But this is not the only reason for under‑resourcing in tablet technology. John Graham, head of public sector sales at BESA member, ICT Direct, believes it is also linked to the perceived benefits of mobile technology, and where tablets may fit in an educational setting.

He said: “Tablets have their place in schools but they are often considered an additional investment. When school budgets are tight, this extra investment can be a major challenge.”

Huw Williams, marketing director at another BESA member, LearnPad, agrees: “As outlined by the latest BESA and Naace research earlier this year, the majority of schools are feeling under resourced, with only a few devices to share across multiple year groups. But with the time, effort and additional resources needed to manage tablets, schools are currently assessing whether making an investment from their already ‘squeezed’ budget, is worthwhile. Without doubt, the schools that have invested time and effort into embedding tablets into everyday lessons are reaping the rewards and have already purchased more devices.”

Half of the problem
While at BESA, we continue to encourage schools to consider the total cost of ownership and not just the initial price tag, it is important to remember that there are lower cost tablet devices available, rather than having to pay the premium price tag for the big name consumer brands; some offer schools the ability to purchase twice as many devices for the same cost of another brand and as long as they are BESA members they are more likely to be good products.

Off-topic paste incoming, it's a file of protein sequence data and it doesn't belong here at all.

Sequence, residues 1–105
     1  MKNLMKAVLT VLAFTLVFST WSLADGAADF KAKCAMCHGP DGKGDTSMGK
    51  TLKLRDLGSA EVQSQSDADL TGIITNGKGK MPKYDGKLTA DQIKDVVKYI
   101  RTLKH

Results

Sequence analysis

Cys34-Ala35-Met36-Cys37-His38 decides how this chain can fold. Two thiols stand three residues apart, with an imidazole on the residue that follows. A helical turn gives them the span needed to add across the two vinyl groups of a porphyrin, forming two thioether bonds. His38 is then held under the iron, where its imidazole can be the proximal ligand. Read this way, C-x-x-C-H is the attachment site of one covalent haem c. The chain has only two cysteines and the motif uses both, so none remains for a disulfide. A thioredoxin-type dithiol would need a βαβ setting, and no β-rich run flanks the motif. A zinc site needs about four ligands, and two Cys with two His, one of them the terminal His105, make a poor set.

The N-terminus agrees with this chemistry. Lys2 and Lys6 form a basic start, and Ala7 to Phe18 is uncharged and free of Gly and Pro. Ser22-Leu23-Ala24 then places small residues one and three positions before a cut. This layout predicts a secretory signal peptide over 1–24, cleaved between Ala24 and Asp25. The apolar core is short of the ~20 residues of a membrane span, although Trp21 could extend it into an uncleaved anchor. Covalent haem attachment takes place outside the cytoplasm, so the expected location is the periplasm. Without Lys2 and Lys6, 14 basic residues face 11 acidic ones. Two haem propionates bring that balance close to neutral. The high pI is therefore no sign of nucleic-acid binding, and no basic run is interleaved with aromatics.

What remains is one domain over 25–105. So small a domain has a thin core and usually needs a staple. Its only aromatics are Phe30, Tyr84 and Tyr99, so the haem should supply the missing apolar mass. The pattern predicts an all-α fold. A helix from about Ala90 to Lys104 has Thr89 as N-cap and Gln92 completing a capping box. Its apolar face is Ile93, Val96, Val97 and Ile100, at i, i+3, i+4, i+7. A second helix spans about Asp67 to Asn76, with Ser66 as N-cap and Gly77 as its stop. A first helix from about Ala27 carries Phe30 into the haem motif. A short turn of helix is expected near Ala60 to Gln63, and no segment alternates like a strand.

As John Graham advises,:“One route many schools across the UK have chosen to take is investing in refurbished computer equipment. By purchasing high quality business grade computers and servers at a fraction of their original cost, schools can then invest the money they have saved into tablet technology. In fact, in several cases the schools have used the remaining budget to invest in equipment throughout the coming year, replacing old or obsolete kit as and when required.”

But, as with any purchase, making sure the device, associated software and implementation is the right fit for the school’s requirements should be the overarching factor in any tablet purchase.

However, as Huw points out: “There are a number of schools that have not seen a rise in engagement, nor a positive upturn in attainment. These schools are not only questioning if they have invested in the correct device but also if they have used the correct strategy to support their staff in embedding the tablets into their lessons.”

As outlined in the BESA Tablets and Connectivity report (June 2015), only 38 per cent of primary schools and 21 per cent of secondary schools have successfully integrated tablets into lessons. This means a change in approach is needed if they are going to invest further in tablet technology. Best practice schools reference teacher controls, device management and the ease of delivering differentiated content and activities as keys to a successful implementation.

Having the correct management tools that are not overly complicated and are created for all levels of technical ability is definitely a must for any school looking to make an investment. John Graham adds to this list by recommending that schools consider the cost of rugged cases and secure storage to protect tablets from damage. He also stresses the importance of taking out good warranties with tablets, as they are sealed units and therefore more difficult and costly to fix than a standard desktop computer.

The world of technology is fast changing and it is often difficult to keep pace with new developments let alone contemplate how they will benefit teaching and learning. At a time when schools’ porridge bowls appear to be getting slightly smaller, we recommend you turn to BESA members for their advice to ensure you are investing wisely and getting the most out of your budget.